It may be a leveraged buyout, but not as you know it.
I'm referring to Calpine Corp. The merchant generator's stock has popped by 32 percent since May 9 on reports it has put itself up for sale (something of a theme lately, with renewed talk on Friday of rival Dynegy Inc. also getting taken out). Private equity names feature heavily in the roster of potential suitors.
What's weird is that Calpine already carries a ton of debt -- almost 7 times trailing Ebitda at the end of the first quarter. It is also already pretty efficient, and its market, wholesale electricity, faces big challenges to growth and profitability. So it's difficult to see how a traditional LBO -- where you layer on a ton of debt, cut costs and flip it later for a higher multiple -- would work.
If an LBO does happen, it will likely use a different playbook: Sell assets to recoup the initial payment as quickly as possible and hope public equity markets have got this sector all wrong:
Merchant generation is, to put it mildly, a challenge to the average investor, exposed to price swings, both in terms of fuel and electricity, and facing regulatory and technology risks.
High leverage compounds this. For example, analysts forecast Calpine to generate $2.8 billion of free cash flow in the next three years, equivalent to almost 60 percent of its current market cap. Problem is, it's all earmarked already for bondholders.
This is where private equity may see an opportunity. They don't care about debt; they bathe in the stuff. And while public markets see a volatile business model facing potential doom, private equity sees options around rejigging the portfolio of assets and unexpected price-spikes that might juice cash flow. Plus, Calpine's plants have the advantage of being mostly modern ones running on natural gas.
Here's how it could work in theory.
Assume Calpine accepted a bid at $15 a share, in line with the consensus analyst target price and roughly 50 percent higher than on May 9. Cost: $5.4 billion.
Now assume Calpine earns Ebitda in line with consensus forecasts as compiled by Bloomberg through 2019, staying flat thereafter. Depreciation clocks in at $650 million a year; maintenance capex at $435 million. Losses carried forward negate taxes.
One potential obstacle would be if a deal were to trigger change-of-control clauses on Calpine's bonds. However, it appears that would also require Calpine's credit rating to be downgraded as a result of the deal (even more reason not to put on more debt.)
Assuming that didn't happen, one lever to pull almost immediately would be to sell Calpine's 725 megawatts of geothermal "Geysers" plants in northern California. Assume they generate $300 million in annual Ebitda -- in line with analyst forecasts -- and could be sold for 10 times that. That's $3 billion paid back -- or 55 percent of the equity check -- likely within a year (although Ebitda also would go down, of course).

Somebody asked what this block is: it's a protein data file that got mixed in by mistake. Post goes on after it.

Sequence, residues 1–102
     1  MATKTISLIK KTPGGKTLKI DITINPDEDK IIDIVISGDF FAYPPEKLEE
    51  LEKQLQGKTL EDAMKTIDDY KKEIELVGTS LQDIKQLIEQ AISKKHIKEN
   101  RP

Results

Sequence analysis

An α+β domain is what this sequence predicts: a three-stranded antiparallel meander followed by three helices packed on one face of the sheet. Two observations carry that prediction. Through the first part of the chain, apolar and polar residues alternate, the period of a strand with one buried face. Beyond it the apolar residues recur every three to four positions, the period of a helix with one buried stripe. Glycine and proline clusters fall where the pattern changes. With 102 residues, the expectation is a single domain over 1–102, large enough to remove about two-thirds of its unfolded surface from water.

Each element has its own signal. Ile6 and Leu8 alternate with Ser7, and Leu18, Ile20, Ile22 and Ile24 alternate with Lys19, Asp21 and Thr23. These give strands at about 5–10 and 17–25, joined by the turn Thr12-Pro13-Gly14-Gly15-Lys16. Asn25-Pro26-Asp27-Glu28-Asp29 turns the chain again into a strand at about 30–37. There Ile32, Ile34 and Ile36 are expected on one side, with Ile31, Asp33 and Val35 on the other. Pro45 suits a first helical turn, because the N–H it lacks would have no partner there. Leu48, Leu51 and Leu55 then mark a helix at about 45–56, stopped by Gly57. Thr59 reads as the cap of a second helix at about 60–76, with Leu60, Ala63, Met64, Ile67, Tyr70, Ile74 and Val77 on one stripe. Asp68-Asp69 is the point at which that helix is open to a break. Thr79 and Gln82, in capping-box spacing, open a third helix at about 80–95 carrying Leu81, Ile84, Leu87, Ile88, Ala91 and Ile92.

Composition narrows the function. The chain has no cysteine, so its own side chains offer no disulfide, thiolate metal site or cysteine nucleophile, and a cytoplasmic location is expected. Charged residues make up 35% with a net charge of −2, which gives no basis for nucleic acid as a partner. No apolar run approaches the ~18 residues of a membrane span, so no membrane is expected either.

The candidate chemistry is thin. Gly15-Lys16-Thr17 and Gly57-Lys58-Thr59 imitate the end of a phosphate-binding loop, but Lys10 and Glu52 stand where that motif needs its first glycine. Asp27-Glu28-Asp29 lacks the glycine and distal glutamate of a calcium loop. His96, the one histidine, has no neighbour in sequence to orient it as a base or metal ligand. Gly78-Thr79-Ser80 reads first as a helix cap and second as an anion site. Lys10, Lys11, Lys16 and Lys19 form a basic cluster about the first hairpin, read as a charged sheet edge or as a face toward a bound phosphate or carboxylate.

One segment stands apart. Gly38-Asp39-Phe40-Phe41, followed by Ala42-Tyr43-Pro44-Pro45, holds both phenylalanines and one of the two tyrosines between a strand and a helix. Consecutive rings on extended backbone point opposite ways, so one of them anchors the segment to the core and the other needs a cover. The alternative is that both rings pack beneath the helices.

Then assume that, instead of trying to pay down debt like after a traditional LBO, the buyer holds Calpine's net debt at a fixed multiple of Ebitda; say, leverage of 6.5 times. Free cash flow would go to dividends instead: roughly $2.4 billion of them across 2018 through 2022. By then, the equity check is paid back in full (on an undiscounted basis, anyway).
The buyer might then choose to sell in 2023 (in theory, they could hang on and keep taking cash out, but that offers low returns overall). Assume an exit at 8 times Ebitda -- below the 9.3 times paid originally -- and the buyer would net a final $3.1 billion payment for the equity.
The product of this layer cake of assumptions is an internal rate of return of 20 percent -- just scraping the traditional target for private equity funds.
That looks too low, and shaky, to really warrant a deal at $15 a share -- especially as, given the murky outlook for merchant generation, even 8 times Ebitda may be ambitious for an exit in 2023. Here's how those rates of return look assuming different acquisition prices and exit multiples (but keeping all other assumptions the same):
Notice how things look more feasible at the sub-$15 level.
There are other things any private equity buyer might consider, though.
One is that they may use leverage distinct from Calpine's. Say they found a friendly banker -- and bankers tend to be friendly to fee-paying buyout firms -- willing to lend them half the money needed for that upfront equity check -- $2.7 billion -- at a cost of, say, 6 percent.
Then the buyer's leveraged rate of return on their (smaller) equity check could get very interesting -- albeit much riskier too.
On this basis, you could drop the exit multiple to a more conservative 7 times Ebitda and, at a $15-a-share bid, get a levered return of 21 percent.
The other big variable is optimism.
Say, instead of staying flat, Calpine's Ebitda rises incrementally between 2019 and 2023, by just 5 percent overall. In that case, the levered rate of return leaps to 32 percent. This chart shows just how sensitive the implied returns are at different acquisition prices:
Optimism and leverage work both ways, of course: If Ebitda falls instead, then things turn nasty very quickly.
LBO models are, of course, only as good as their assumptions and can be tweaked to come up with myriad outcomes.
Still, a Calpine buyout does look like a possibility, albeit one that requires more than the usual level of creativity and bullishness.
And the sensitivities suggest you need way more creativity and bullishness to feel good about buying Calpine once you start moving north of $15 a share.
A strategic buyer, if one could be found, might finesse this with cost savings. But it seems clear that if you bought Calpine shares at $10 or below, a meaningful buyout premium is a reasonable possibility -- more reasonable, anyway, than if you're buying now at $13 and change.
This column does not necessarily reflect the opinion of Bloomberg LP and its owners.
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